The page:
These represent a small sample of words derived from *reg-. In spite of the usual rendering of *reg- as 'straight', it actually seems clear enough that it had more than one meaning - or, perhaps, one basic meaning with a number of divergent connotations, all of which are thematically coherent:


1. Straight (in the accepted sense);
2. Upright (erect, perpendicularly straight);
3. Correct (true, in order, moral);
4. Encompassing (reaching or stretching out, collecting), as in modern English rake, etc.

The key would appear to lie in words such as regulate, which means to keep constant or orderly - to maintain an accepted state of affairs. Rulers named for *reg- could be either kings or priests; in early Latin rex apparently once denoted the priest who drew the line of a settlement or city - this is generally assumed to have been a straight line, which would thus be the axis of the central sacred or administrative precinct; but it is equally possible that it was the boundary (which is certainly given greater prominence in the Roman foundation myth), in which case straightness would be a potentially defunct concept. But it does leave open a number of circumstances in which a curved, circular, or sinuous line could, perhaps quite legitimately, be termed 'straight'!

This linguistic exercise shows that the meanings that may originally have been ascribed to *reg- offer rather more than just 'straightness' as the underlying concept. For instance, Latin regio, from regere (direct, guide, rule), can denote a direction, line, boundary, or - as its modern English descendant region implies - a district. Latin usage (which determines all the Romance words) suggests that regula (a straight stick, bar, or template) owes its meaning to rex or reg- compounds with meanings relevant to kingship or rule. Regula is the source of French regle and our own cognate, ruler.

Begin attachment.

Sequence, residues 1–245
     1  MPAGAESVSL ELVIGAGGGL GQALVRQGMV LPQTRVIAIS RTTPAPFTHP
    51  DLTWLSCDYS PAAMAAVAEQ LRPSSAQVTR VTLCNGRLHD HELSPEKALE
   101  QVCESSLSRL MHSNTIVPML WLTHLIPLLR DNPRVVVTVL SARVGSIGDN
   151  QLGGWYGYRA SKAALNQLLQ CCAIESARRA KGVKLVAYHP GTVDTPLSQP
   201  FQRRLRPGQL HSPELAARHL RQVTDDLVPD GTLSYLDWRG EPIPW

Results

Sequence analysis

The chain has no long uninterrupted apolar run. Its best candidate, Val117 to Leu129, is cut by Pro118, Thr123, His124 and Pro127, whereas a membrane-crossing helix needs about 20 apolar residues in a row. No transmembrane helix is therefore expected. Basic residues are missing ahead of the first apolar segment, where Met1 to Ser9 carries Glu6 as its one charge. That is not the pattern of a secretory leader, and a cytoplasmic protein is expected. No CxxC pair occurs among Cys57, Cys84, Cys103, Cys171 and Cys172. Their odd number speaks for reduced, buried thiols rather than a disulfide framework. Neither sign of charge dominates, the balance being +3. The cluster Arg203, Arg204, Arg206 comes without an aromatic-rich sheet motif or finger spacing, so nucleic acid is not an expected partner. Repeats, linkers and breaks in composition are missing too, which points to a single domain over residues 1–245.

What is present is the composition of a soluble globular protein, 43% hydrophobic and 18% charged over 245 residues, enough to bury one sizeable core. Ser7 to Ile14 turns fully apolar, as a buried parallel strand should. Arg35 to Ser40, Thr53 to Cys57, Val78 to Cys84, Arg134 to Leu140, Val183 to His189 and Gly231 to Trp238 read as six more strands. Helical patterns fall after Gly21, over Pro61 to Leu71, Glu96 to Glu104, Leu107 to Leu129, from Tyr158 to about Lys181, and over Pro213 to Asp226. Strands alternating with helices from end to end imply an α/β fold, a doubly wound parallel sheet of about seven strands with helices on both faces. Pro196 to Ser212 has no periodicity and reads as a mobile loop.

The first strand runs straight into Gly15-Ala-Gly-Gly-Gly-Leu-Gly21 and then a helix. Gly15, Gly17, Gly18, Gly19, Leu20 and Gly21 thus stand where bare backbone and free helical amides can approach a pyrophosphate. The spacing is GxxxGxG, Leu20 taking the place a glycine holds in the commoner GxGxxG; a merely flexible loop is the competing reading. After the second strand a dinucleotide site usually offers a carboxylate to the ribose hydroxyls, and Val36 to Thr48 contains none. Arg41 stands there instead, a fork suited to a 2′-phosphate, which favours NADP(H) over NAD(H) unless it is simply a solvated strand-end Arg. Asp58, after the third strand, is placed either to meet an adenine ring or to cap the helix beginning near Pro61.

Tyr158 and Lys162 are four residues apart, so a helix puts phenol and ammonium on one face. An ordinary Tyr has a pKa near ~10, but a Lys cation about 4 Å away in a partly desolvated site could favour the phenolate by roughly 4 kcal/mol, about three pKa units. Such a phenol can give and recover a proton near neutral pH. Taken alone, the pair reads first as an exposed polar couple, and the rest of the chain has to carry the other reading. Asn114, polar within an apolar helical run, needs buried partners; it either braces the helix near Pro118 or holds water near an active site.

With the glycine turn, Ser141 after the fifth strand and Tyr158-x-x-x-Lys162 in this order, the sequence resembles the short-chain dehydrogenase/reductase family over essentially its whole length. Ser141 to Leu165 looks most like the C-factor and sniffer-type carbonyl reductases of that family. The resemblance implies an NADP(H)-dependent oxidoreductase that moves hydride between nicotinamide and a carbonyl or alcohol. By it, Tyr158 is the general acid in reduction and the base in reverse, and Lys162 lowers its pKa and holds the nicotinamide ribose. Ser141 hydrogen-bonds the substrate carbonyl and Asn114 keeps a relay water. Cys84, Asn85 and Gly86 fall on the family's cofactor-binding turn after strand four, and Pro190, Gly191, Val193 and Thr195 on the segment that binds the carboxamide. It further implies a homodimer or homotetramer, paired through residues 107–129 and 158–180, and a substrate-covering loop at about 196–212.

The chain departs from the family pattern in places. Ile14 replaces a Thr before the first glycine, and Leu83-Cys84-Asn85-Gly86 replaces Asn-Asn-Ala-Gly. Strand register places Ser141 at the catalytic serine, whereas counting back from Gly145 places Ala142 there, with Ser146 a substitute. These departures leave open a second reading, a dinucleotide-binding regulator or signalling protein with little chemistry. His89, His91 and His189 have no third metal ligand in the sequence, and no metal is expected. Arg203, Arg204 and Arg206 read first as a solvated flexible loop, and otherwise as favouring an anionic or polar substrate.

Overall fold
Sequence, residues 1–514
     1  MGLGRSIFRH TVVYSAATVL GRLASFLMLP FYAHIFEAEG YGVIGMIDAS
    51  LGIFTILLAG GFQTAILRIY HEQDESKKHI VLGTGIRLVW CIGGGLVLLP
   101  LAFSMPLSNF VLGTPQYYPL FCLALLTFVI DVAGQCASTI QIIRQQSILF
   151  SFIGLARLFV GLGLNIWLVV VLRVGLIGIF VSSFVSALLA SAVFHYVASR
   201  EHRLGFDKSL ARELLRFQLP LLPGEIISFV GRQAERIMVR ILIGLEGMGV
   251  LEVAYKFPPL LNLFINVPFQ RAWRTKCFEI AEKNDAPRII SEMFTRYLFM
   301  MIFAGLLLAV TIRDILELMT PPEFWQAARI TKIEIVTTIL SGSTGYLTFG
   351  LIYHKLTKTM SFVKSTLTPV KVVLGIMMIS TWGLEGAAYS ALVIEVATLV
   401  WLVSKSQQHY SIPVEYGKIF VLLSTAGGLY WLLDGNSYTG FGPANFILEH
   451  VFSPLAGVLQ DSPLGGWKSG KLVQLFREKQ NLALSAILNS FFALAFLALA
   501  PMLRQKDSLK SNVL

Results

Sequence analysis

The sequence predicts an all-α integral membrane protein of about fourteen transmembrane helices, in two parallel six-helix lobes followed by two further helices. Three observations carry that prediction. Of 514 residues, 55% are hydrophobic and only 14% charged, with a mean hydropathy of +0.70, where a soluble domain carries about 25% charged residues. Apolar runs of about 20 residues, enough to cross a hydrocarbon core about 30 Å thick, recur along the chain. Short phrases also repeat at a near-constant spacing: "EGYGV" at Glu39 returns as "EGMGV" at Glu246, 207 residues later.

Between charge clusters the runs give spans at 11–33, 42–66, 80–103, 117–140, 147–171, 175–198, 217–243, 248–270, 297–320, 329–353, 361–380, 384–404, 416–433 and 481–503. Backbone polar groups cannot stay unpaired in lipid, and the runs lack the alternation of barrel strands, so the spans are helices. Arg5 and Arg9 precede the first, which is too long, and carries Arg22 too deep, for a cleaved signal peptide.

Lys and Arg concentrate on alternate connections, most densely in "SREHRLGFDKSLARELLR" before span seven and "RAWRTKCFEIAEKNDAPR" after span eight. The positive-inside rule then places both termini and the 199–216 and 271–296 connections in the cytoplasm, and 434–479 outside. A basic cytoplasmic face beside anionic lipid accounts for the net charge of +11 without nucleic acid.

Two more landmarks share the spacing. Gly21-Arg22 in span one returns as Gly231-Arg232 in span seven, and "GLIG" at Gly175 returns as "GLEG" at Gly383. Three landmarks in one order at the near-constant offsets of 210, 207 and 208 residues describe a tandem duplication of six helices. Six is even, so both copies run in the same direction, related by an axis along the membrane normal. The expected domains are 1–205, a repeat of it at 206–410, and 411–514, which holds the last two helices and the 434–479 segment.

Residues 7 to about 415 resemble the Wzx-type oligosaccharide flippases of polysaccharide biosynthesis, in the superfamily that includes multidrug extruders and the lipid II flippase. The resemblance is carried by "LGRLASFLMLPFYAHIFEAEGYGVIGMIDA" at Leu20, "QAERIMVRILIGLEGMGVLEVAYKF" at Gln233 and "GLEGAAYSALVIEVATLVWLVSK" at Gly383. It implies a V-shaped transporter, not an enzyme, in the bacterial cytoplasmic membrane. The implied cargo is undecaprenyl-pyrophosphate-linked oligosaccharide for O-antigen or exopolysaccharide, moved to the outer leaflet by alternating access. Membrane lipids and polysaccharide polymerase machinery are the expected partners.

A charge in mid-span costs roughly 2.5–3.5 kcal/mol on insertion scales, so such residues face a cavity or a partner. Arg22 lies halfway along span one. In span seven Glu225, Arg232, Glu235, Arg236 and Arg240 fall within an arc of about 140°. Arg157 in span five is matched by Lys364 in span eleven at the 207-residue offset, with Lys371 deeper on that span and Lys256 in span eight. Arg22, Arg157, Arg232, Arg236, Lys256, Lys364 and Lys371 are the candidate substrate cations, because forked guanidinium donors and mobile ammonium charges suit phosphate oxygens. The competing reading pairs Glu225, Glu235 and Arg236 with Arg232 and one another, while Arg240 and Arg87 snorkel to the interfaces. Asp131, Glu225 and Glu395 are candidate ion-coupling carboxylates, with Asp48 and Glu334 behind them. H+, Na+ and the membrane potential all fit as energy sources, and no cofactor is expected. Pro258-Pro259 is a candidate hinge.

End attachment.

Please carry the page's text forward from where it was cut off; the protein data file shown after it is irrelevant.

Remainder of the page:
From this we can postulate that a regula was first conceived of as a guide (for the hand) instead of simply a straight-edge. Something similar can be posited for the right hand conceived as the guiding hand. A book could be written about right hand/left hand terminology; but here it is worth noting that the *reg- usage most probably owes its existence to the idea of the dexter hand as the 'true' (steady, reliable) one, as opposed to the weak or unreliable left.